New climate change body recognises islands’ needs-• Comesa pledges support for media forum just set up


The steering committee of the new regional forum

Each of the island nations’ media will be represented at the forum’s meetings and contribute through a network being created by the forum whose 45 journalist members elected Comorian Saminya Bounou to sit on its steering committee representing her country, Mauritius, Seychelles and Madagascar.

Other groups represented are the southern, eastern and central African blocks, by members voted in at polls presided over by Common Market for East and Central Africa’s (Comesa) officials who said they will support the new body.

Comesa helped organise the meeting with the support of UK’s Department for International Development and the Norwegian Grant organisation.

Members were to vote in a general manner but those who know the islands argued if the region is not specifically catered for the unique ways climate change is hitting the Indian Ocean region may be overlooked hence the body allocated slots for each region.

Ugandan Patrick Luganda was elected chairman of the committee which is expected to draft a constitution for the new forum and report back to the members what progress the organisation will have made.

Meanwhile the journalists are expected to work together to address issues identified at the meeting as the ones preventing polluters, policy makers and the region’s population from understanding what they need to do to help slow down climate change or put in place measures to mitigate its effects.

The journalists for example said climate change is a reasonably new and complex issue explained by specialists with many technical and scientific terms which the media must understand and put it in simple language for those who are not experts.

Experts in a few countries like Seychelles where leaders were said to be well aware of the need to address the issue urgently, policy makers were said not to be interested enough in climate change issues and the media, especially news editors, generally ignores environmental issues preferring ‘more sensitive issues’.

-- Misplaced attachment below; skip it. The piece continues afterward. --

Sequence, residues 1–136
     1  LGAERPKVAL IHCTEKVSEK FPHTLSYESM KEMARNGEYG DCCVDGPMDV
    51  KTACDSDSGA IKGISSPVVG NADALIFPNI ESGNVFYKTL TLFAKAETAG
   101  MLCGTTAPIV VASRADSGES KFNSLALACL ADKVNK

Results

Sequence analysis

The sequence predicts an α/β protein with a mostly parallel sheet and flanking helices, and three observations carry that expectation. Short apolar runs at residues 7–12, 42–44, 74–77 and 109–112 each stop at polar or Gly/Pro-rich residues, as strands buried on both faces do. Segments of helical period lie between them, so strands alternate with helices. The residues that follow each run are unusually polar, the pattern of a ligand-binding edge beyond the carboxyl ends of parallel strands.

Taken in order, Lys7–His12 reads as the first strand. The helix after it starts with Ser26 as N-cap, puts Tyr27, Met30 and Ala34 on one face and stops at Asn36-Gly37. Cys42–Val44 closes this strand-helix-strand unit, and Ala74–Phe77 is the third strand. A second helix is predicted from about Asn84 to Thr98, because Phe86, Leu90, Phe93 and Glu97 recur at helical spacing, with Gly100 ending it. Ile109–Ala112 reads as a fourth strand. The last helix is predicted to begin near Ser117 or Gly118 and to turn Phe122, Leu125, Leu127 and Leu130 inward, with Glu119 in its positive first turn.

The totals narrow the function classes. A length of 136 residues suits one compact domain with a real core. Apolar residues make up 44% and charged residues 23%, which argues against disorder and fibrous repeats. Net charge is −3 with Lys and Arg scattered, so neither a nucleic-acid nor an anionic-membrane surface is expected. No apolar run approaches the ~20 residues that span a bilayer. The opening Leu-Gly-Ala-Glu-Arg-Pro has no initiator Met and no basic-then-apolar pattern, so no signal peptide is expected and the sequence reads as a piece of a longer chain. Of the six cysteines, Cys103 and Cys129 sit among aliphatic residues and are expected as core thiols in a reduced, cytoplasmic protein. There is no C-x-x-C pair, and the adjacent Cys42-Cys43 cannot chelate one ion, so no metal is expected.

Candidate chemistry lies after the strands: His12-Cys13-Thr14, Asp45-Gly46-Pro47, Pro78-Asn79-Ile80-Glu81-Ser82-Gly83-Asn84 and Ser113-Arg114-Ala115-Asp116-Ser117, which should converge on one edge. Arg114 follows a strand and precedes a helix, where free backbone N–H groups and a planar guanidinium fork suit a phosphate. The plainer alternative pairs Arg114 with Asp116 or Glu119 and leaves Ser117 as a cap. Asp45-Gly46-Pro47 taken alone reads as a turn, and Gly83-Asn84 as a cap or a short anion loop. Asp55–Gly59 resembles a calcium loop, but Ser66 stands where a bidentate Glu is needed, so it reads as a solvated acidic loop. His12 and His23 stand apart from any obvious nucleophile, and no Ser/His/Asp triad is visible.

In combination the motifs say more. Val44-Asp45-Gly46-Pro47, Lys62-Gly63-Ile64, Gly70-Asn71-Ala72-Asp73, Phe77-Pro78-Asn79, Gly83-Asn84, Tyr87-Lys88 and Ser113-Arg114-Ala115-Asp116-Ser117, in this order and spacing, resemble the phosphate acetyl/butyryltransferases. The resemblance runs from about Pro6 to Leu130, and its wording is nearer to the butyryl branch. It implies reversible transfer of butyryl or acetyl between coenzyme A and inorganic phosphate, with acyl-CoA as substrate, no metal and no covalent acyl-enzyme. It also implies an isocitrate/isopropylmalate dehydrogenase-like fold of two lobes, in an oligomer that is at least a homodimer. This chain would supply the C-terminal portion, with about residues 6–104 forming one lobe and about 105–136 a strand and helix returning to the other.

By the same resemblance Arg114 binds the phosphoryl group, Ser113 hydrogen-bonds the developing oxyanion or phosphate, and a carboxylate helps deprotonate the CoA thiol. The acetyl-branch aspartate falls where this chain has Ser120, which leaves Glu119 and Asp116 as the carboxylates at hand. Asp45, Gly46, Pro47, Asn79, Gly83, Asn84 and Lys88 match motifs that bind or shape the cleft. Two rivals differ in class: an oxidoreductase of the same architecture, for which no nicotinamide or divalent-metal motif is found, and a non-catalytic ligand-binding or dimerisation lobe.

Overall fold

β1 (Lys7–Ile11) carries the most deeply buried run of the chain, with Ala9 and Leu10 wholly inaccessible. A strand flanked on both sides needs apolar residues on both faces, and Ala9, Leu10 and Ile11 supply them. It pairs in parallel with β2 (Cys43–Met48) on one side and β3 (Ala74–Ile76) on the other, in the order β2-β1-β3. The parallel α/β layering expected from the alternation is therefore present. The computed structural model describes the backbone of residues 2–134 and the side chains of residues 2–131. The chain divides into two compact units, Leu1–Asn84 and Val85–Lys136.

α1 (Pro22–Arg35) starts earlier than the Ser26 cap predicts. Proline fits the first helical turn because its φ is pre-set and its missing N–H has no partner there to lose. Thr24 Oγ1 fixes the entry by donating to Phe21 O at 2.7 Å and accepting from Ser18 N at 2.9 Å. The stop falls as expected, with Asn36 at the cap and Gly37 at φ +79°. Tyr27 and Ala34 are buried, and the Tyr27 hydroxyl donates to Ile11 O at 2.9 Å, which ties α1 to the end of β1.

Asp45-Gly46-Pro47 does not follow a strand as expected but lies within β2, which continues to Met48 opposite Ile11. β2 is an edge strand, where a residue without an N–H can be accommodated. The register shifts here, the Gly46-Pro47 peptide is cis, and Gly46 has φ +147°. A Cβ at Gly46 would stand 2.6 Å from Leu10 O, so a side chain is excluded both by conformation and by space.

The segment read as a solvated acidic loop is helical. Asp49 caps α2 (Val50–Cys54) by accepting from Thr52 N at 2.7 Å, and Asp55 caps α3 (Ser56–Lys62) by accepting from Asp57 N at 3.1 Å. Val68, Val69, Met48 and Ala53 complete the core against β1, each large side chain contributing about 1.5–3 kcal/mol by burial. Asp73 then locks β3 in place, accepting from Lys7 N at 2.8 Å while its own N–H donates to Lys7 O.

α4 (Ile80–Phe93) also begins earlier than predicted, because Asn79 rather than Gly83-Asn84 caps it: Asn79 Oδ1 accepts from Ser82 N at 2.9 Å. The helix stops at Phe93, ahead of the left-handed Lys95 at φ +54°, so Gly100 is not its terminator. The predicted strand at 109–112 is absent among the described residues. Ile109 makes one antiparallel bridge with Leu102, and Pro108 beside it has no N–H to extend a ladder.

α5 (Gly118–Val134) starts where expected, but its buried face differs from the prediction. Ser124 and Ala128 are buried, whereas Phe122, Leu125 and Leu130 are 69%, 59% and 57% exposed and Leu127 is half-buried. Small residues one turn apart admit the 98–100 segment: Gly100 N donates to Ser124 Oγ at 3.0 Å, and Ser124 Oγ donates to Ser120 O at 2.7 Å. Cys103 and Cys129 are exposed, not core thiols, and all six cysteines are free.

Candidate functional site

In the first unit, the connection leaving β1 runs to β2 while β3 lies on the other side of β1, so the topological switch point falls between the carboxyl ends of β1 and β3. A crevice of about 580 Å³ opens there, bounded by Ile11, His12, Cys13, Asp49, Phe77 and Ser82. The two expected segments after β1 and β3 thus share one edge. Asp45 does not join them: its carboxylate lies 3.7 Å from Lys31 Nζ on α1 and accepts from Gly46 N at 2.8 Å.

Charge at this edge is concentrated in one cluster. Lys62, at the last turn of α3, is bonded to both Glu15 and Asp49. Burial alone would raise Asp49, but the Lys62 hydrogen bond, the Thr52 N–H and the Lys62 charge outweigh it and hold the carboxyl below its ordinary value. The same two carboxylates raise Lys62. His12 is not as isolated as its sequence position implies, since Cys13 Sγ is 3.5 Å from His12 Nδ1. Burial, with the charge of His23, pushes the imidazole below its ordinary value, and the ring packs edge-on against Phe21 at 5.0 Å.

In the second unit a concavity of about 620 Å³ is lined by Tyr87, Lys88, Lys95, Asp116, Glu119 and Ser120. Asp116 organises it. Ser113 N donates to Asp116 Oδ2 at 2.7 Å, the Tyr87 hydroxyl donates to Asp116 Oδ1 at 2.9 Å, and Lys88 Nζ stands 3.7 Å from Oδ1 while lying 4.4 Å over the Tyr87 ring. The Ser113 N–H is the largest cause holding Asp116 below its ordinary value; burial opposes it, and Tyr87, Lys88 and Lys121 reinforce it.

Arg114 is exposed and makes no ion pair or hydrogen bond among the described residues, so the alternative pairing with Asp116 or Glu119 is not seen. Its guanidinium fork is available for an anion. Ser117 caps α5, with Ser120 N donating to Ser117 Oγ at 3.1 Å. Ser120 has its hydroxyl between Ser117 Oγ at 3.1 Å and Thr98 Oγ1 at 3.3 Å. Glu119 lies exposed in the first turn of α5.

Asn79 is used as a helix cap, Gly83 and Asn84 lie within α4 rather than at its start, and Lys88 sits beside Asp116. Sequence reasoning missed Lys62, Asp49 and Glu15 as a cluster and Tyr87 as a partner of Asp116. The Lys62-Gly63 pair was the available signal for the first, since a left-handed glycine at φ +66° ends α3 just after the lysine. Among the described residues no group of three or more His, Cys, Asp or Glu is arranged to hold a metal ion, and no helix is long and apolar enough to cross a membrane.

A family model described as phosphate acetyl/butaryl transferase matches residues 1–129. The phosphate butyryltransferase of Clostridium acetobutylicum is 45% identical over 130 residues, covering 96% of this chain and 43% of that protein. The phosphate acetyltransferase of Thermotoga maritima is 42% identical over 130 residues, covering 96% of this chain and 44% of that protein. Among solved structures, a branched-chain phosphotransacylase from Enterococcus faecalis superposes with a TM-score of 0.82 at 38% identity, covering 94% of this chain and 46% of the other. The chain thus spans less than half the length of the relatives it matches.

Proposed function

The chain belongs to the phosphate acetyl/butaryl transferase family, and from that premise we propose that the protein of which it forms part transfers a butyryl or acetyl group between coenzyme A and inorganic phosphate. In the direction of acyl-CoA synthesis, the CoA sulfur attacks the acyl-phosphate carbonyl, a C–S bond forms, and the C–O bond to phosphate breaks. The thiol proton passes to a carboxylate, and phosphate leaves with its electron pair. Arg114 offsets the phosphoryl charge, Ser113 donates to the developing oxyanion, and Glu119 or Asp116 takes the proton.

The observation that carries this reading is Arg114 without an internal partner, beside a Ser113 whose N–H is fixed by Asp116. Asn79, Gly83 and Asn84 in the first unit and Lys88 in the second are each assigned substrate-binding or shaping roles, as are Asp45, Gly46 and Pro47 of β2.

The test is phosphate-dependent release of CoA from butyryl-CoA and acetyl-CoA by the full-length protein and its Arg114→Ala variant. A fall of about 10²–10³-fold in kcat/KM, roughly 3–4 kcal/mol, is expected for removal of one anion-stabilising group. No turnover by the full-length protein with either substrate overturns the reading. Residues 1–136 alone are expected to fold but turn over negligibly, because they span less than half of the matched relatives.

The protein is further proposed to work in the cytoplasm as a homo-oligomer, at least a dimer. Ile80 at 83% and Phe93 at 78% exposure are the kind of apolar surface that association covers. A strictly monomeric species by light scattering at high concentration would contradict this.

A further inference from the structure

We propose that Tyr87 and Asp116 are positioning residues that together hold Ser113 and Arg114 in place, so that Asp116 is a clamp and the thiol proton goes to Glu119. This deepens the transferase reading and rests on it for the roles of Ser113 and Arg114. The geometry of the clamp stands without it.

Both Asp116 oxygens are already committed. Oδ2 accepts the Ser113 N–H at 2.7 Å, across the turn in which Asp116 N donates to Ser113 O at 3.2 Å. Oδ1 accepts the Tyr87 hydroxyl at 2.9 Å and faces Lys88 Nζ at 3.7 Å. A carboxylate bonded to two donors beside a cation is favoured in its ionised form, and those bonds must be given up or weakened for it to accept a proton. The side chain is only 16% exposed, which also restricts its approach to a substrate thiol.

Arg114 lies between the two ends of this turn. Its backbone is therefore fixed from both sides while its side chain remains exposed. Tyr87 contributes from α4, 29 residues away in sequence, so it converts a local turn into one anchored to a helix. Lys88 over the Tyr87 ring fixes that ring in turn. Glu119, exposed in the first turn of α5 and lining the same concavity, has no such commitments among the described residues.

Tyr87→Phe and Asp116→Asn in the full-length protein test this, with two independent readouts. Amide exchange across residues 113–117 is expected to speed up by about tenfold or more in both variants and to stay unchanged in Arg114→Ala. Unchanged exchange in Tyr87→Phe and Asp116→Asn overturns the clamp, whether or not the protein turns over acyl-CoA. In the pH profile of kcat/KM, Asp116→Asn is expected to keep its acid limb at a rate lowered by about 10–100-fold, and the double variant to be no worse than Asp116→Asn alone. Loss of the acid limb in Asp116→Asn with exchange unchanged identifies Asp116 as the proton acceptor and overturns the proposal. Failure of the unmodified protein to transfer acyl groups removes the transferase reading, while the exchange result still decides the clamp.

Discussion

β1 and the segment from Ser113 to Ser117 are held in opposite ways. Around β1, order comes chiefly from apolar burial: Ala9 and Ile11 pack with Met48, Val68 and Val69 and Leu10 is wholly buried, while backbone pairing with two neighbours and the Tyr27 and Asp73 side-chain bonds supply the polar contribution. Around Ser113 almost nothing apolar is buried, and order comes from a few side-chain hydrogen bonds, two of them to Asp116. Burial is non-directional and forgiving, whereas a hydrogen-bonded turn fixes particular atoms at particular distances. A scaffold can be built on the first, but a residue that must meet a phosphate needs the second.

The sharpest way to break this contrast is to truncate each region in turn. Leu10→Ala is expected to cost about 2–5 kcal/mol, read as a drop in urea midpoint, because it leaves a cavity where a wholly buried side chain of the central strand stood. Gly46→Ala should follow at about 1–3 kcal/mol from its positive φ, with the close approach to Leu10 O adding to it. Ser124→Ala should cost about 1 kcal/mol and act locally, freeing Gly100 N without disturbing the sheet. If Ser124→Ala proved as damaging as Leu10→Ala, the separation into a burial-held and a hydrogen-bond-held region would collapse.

Few journalists have a passion for climate change issues, are willing to research into matters related to it or care enough to simplify the language they use, they said.

Not many politicians understand the need for the campaign and some parliamentarians meeting next door to the journalist were heard to say focusing on climate change is a waste of time, showing the media representatives a sad example of why many governments do not dedicate any resources to the climate change fight.

Journalists are rarely present at international forums where negotiations for emission cuts are held and therefore understand little about the processes and so previously offered little support to the campaign, but the new body will seek to change that, they said.

The new media forum members welcomed Comesa’s support but said they will try to look for their own funds so if the umbrella body becomes burdened by new priorities the media group will survive.
Launching the media body Comesa’s climate change adviser Dr Mclay Kanyangarara said supporting such a union was not on its budget for this year but the regional body will seek to help prop it given the  importance of its proposed roles.

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